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The day book. (Chicago, Ill.) 1911-1917, September 04, 1914, LAST EDITION, Image 15

Image and text provided by University of Illinois at Urbana-Champaign Library, Urbana, IL

Persistent link: http://chroniclingamerica.loc.gov/lccn/sn83045487/1914-09-04/ed-1/seq-15/

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THE CONFESSIONS OF A WIFE
WE ARE ALL GAMBLERS
(Copyright, 1914, by the Newspaper Enterprise Association.)
Jim helped me get all the things
loaded nicely and paid me the fifty
dollars which he owed me for the last
month.
"I couldn't get Dick to play cards
for it," he said with a laugh, "as he
said you made such a fuss when he
lost the other month's rent to me."
"Perhaps I am not a sport, Jim,
but I really can't see the fun in play
ing cards for money especially with
your friends.
"I would feel queer to take their
money and I would not get fun
enough out of it to lose my own."
I was sorry I spoke as soon as I
said this for it looked like blaming Jim
for taking Dick's money, so I has
tened to add; "but you see, Jim, I
have little of the gambling spirit."
"Oh, yes, you have, my dear Mar
gie, every human being man or wo
man is only successful as he or she
takes a chance.
"We are born into this world gam
blers and we go out of it with our
cards on the table and Death taking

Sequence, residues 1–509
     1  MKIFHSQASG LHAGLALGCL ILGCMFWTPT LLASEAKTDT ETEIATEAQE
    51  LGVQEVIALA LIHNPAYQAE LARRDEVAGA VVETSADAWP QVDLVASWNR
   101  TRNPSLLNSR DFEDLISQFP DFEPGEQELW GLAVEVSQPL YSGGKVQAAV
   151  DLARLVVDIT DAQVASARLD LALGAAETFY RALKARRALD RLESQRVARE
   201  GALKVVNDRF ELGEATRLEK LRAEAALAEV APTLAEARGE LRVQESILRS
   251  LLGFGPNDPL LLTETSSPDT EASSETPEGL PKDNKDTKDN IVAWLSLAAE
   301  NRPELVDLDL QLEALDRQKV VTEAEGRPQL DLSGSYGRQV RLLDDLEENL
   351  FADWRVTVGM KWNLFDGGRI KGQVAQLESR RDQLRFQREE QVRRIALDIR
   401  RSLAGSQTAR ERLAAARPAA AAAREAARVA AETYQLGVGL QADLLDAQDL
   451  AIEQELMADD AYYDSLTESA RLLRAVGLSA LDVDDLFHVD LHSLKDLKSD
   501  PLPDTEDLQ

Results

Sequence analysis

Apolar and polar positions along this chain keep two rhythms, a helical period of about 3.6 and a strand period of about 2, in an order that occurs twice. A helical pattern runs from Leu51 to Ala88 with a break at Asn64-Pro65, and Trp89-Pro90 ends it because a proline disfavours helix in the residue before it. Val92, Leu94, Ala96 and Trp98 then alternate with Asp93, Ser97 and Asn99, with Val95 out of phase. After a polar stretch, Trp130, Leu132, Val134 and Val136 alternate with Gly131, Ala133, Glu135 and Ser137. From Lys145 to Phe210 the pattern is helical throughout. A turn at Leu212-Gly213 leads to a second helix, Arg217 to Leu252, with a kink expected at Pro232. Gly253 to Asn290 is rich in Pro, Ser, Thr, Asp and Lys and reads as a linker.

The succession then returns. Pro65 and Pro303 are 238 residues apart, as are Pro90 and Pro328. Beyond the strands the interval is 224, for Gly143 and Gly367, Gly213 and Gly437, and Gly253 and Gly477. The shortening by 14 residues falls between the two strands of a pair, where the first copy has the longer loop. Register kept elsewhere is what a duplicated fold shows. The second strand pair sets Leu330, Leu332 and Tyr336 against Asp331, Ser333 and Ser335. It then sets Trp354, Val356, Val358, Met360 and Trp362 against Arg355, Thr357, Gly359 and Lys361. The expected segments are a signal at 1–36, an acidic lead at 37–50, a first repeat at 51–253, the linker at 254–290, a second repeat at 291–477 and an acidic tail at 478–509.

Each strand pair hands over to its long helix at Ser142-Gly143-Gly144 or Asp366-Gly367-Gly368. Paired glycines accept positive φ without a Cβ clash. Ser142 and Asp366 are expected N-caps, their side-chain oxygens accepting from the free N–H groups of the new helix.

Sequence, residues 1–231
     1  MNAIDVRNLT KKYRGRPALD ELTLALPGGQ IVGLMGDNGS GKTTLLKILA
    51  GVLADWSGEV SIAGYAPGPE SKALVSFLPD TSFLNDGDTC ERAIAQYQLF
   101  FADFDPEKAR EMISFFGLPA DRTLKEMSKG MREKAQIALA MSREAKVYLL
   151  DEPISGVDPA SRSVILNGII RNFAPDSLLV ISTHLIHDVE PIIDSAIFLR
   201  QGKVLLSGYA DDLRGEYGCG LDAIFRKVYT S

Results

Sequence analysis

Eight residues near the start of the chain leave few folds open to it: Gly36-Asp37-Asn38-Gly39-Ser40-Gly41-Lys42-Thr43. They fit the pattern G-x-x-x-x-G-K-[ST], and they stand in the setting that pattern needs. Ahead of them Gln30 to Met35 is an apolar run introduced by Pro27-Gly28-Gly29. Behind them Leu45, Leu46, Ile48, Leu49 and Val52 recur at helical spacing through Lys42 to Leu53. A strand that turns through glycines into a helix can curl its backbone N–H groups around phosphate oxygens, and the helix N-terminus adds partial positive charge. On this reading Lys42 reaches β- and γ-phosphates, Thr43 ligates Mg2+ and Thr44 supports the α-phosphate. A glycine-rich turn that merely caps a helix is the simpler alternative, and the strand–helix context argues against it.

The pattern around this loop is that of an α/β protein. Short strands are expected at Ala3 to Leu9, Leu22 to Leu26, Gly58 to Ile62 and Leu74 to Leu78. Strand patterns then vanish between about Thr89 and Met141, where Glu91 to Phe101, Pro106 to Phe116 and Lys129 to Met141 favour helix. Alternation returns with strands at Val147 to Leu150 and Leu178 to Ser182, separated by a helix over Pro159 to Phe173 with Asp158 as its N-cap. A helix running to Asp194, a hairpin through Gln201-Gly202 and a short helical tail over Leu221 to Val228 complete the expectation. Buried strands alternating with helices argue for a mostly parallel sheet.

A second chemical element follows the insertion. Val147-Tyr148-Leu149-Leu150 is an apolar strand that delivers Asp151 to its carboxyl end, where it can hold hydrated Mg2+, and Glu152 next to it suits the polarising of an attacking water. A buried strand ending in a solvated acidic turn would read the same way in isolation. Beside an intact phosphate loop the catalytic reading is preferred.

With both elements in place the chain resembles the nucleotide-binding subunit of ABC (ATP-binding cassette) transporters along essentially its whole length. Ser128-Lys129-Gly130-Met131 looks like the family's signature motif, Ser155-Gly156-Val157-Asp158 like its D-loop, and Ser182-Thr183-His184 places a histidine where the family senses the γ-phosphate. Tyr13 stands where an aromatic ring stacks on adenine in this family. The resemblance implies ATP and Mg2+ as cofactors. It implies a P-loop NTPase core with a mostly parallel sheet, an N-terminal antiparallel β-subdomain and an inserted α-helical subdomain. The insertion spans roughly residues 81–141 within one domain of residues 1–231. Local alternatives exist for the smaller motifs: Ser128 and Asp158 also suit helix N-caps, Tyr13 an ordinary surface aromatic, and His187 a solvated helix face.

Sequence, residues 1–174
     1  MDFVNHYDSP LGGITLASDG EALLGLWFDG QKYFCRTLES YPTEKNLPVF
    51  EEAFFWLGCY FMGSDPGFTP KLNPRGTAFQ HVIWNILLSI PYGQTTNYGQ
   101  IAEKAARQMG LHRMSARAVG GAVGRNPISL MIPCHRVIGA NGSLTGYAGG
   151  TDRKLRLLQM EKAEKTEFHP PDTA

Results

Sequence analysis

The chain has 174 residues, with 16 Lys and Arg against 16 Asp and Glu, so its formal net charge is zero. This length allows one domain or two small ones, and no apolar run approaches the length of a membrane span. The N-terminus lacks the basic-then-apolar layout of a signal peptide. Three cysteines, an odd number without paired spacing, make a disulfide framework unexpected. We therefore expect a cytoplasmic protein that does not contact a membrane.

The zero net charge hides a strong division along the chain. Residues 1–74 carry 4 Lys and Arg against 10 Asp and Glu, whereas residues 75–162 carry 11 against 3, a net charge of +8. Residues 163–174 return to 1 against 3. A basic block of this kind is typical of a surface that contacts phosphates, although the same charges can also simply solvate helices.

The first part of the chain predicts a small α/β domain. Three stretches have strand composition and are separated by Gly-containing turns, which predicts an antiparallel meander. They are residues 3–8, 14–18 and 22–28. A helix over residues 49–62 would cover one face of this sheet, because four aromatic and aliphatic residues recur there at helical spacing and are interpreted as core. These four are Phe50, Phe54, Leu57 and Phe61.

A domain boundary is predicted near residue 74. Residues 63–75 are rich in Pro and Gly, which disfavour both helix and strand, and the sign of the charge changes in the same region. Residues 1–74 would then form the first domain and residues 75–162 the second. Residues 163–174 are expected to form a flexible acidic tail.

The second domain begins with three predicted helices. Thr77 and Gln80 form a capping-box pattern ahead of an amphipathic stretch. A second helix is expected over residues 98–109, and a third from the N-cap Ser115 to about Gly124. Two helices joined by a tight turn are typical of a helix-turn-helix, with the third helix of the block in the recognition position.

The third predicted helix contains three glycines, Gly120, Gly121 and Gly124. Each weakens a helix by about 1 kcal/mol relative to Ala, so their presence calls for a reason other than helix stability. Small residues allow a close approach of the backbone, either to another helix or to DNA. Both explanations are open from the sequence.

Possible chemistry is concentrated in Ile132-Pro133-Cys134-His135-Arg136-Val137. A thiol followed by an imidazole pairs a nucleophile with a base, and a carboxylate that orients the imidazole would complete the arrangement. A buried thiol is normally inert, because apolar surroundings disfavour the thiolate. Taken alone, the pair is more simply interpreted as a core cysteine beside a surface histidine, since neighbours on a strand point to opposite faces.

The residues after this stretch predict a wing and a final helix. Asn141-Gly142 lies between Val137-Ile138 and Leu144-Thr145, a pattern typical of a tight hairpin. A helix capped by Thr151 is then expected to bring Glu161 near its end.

the trick.
"We are constantly taking chances.
We do things that we know or ought
to know are hurtful, hoping that by
some possibility we, instead of fate,
will draw the winning card. Men play
an hour's pleasure against the con
tent and quiet joy of home and often
exchange their birthright for a mess
of pottage.
"Women play their honor against
the protestations of men they love
and almost always lose.
"Men, play their health against
their love of fame or financial success
and sickness and death usually di
vide the pot
"In nothing, Margie, that any mor
tal does is the element of chance lack
ing and it is just this chahcethat
makes life worth living.
"If you or I could tell just what the
outcome of the game we are playing
each day would be we would find life
very stale and unprofitable, for we
would be indeed 'brothers of the ox.'
"It is the constant hope that the
next turn of life's cards will deal us
a good hand that keeps us interested
in the game. And when this eager
interest in the turn of life's cards dies
you are dead even though your body
lives.
"You may not like to play cards
for money, Margie, but you are a
gambler just the same."
Jim Edie is a very interesting talk
er. I wonder if he ever said any of
these things to Dick. Do men voice
these speculative ideas when they are
alone together?
I have been working at the apart
ment all day and I have really gotten
it into homey shape. Of course all
my living room things only had to
be placed in the living room of the
apartment. I have not hung any pic
tures as I am going to have Dick help
me do that.
Annie is here helping me and Aunt
Mary has gone over to Mother Wav
erlys. I told her I would get all the
heavy pieces arranged in her room
and then she could fix up the rest
to suit herself.
I find that Annie knows very little
about cooking, but she is very neat
and very willing so I am sure we will
get along all right. Any woman with
common sense should be able to cook.
(To Be Continued Tomorrow.)
o o
HOUSE-CLEANING ECONOMY
Don't take up the dining room car
pet this fall save your household
expenses by sponging it as it lies on
the floor.
Often where there is a family of
children the carpet in the dining room
around the table shows little grease
spots. These may be quickly disposed
of by rubbing well with one part salt
to four parts alcohc'
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